Once, in darker days, I lived with a guy who endlessly watched action movies. Good, bad, terrible – they all got loud airing in my little sharehouse. Over the course of his stay I learnt that an alarmingly large portion of these films are based on roughly the same idea: “the unstoppable badass goes solo and gets revenge”.
Here is my breakdown of this ubiquitous formula. Whether it’s a bionic warrior, a top sniper, some special forces guy or a genetically-modified supersoldier, there is always a badass, the badass has been wronged, and as a consequence the badass always ruthlessly kicks the shit out of everybody in their way. The enemy inevitably is a secret cabal composed entirely of people that can’t aim or fight, and have some reason to deserve the violence visited on them. They might be nazis, terrorists, secret government experimentalists or generic evil minions – the badass gets them all in the end, and we never need to sympathise. Along the way, a revered mentor (who used to be a badass) always crops up, and towards the end the badass has a bit of a struggle with the toughest, most interesting minions of the supervillain before triumphing and killing the hell out of the villain himself. It always happens this way, the fans never seem to mind, and all the worrying subliminal themes pass without comment.
I cringed a bit when the call came to review Hanna. It follows the “the unstoppable badass goes solo and gets revenge” formula precisely. Seriously, every box. Ticked. And that’s just the trailer.
Fortunately, I had nothing to fear. From the first scene Hanna draws you in and keeps you excited, even as you quietly sense that you’re following a well-trod path. The first scene in particular had me double-checking that I hadn’t strolled into a Tarantino flick. No such luck, but it’s still pretty good. Director Joe Wright has innovated substantially on the action formula, giving it just enough twists to be fascinating but also a genre classic. The lead is a total badass but doesn’t look it, and shows a lot of vulnerability and innocence when she isn’t snapping necks. Eric Bana puts his unique stamp on ‘mentor of the badass’ and Cate Blanchett is a convincing supervillain, sporting a southern accent and Julia Gillard’s hairstyle.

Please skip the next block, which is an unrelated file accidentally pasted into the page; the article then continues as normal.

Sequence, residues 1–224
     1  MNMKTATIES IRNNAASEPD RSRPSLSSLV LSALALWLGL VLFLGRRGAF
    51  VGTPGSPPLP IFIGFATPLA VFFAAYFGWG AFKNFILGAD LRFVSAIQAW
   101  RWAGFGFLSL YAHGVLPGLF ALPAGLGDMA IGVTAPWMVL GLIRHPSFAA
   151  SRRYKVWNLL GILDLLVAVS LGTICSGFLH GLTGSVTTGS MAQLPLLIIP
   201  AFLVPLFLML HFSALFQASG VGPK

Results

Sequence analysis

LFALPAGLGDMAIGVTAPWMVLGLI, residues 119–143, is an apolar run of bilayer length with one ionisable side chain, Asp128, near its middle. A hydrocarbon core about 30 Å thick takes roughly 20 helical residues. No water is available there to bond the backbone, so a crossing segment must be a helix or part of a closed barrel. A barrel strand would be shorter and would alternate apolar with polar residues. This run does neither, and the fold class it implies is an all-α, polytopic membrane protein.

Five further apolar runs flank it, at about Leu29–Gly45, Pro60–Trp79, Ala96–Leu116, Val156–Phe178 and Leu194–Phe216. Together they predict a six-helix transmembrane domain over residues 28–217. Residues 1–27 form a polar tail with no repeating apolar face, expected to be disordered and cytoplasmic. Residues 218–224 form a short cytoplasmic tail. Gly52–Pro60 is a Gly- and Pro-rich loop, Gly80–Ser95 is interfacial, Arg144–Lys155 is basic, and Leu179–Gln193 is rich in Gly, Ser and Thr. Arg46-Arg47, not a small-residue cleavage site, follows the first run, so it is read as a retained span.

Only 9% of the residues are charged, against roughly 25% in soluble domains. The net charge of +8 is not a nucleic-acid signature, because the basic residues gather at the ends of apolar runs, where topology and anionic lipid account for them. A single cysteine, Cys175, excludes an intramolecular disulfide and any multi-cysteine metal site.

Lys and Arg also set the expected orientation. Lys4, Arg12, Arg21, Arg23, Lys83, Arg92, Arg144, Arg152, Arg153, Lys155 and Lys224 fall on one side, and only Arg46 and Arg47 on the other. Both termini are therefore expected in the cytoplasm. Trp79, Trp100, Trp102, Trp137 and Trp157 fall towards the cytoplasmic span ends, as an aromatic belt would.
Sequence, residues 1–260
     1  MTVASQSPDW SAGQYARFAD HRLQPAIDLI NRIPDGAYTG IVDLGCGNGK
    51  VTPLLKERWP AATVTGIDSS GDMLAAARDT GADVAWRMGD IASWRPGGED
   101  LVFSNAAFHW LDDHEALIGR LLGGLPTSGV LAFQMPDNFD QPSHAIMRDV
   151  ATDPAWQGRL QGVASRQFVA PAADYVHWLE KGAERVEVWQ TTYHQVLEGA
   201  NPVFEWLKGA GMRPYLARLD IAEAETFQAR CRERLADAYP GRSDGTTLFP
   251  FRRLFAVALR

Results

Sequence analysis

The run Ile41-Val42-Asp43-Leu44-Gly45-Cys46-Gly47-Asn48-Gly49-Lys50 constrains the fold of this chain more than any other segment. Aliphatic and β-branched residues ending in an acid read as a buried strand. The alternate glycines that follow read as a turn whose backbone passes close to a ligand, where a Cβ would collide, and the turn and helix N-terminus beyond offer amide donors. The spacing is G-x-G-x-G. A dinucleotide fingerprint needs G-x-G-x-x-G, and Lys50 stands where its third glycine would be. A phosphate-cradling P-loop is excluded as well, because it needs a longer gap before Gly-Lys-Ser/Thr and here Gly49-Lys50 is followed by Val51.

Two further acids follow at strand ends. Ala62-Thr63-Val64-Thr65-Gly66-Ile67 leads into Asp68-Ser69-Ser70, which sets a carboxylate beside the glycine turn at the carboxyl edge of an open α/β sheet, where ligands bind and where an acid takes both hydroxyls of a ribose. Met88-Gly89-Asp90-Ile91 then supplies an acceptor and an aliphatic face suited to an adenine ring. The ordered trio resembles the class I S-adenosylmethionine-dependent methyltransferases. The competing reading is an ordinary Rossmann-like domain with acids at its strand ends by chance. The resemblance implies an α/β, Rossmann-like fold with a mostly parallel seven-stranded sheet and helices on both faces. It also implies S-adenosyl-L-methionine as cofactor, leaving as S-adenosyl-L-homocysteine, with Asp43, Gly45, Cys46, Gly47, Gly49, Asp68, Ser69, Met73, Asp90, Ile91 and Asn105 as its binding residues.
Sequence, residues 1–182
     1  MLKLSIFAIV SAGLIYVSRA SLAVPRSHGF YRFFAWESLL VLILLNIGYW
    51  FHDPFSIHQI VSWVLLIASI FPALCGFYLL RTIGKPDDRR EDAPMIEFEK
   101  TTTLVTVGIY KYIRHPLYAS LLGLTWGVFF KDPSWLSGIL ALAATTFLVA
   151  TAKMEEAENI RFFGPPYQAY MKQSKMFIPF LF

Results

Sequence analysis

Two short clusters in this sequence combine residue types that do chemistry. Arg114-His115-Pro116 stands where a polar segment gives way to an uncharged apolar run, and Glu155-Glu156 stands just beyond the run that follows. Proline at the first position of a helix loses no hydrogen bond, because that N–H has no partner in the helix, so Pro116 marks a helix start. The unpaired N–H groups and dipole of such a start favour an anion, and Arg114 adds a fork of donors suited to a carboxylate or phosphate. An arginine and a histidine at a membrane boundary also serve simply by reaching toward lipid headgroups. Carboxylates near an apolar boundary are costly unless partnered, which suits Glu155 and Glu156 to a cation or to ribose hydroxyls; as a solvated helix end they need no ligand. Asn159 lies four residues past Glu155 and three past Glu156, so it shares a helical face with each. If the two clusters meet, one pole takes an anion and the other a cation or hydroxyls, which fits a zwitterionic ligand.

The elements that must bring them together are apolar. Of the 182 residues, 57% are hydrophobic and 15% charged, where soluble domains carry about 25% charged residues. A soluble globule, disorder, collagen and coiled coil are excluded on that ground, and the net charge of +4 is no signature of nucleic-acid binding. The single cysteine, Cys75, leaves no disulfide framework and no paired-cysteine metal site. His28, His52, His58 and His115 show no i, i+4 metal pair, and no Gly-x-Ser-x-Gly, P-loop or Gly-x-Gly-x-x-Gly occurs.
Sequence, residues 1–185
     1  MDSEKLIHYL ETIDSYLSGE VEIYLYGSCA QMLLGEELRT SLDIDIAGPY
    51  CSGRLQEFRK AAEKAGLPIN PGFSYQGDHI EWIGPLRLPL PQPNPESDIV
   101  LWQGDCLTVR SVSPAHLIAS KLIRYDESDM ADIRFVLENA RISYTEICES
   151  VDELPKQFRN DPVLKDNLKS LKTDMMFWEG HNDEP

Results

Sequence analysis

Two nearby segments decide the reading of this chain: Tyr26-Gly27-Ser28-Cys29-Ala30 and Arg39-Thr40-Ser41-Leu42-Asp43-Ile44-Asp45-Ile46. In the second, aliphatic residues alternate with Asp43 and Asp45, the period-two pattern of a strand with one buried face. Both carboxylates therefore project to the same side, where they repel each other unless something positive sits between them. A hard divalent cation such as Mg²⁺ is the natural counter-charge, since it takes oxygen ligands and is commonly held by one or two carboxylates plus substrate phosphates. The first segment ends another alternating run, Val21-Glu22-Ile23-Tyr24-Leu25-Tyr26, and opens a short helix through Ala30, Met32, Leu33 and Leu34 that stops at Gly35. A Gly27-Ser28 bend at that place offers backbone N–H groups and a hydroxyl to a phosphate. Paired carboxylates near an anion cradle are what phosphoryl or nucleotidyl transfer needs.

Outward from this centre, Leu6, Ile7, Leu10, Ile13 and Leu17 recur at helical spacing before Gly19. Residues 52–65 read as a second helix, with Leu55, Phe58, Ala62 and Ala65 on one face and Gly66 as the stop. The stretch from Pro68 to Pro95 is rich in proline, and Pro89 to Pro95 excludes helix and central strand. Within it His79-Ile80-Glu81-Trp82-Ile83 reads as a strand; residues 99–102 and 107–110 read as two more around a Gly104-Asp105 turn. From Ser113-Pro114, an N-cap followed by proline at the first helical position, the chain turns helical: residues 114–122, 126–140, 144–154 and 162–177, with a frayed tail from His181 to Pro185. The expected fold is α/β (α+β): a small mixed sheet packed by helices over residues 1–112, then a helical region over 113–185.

Other interesting tweaks are in the rhythm of the film, which shifts into something almost like a comedy around the middle of the film before resuming its intensity as a proper adrenaline-squirter. This breaks up the feel of the flick nicely – it lets you come down off the first batch of violence, and then lulls you into mellowness before slamming you with even more intense badass activity.
The big notable of this film for me was the camerawork. Perhaps it’s only going to wow photographers and film students, but if you’re watching for it you’ll realise that whoever pulled lenses in this film really knew what they were doing. Much of Hanna’s intensity can be attributed to clever camerawork, particularly the abundant use of close-ups. The soundtrack also adds substantially to the excitement when things get intense, amplifying the effect of the numerous impressive fights and pursuits.
I haven’t left a film feeling quite so drained of adrenalin since I saw The Hurt Locker last year. If you like that feeling, you really must see Hanna.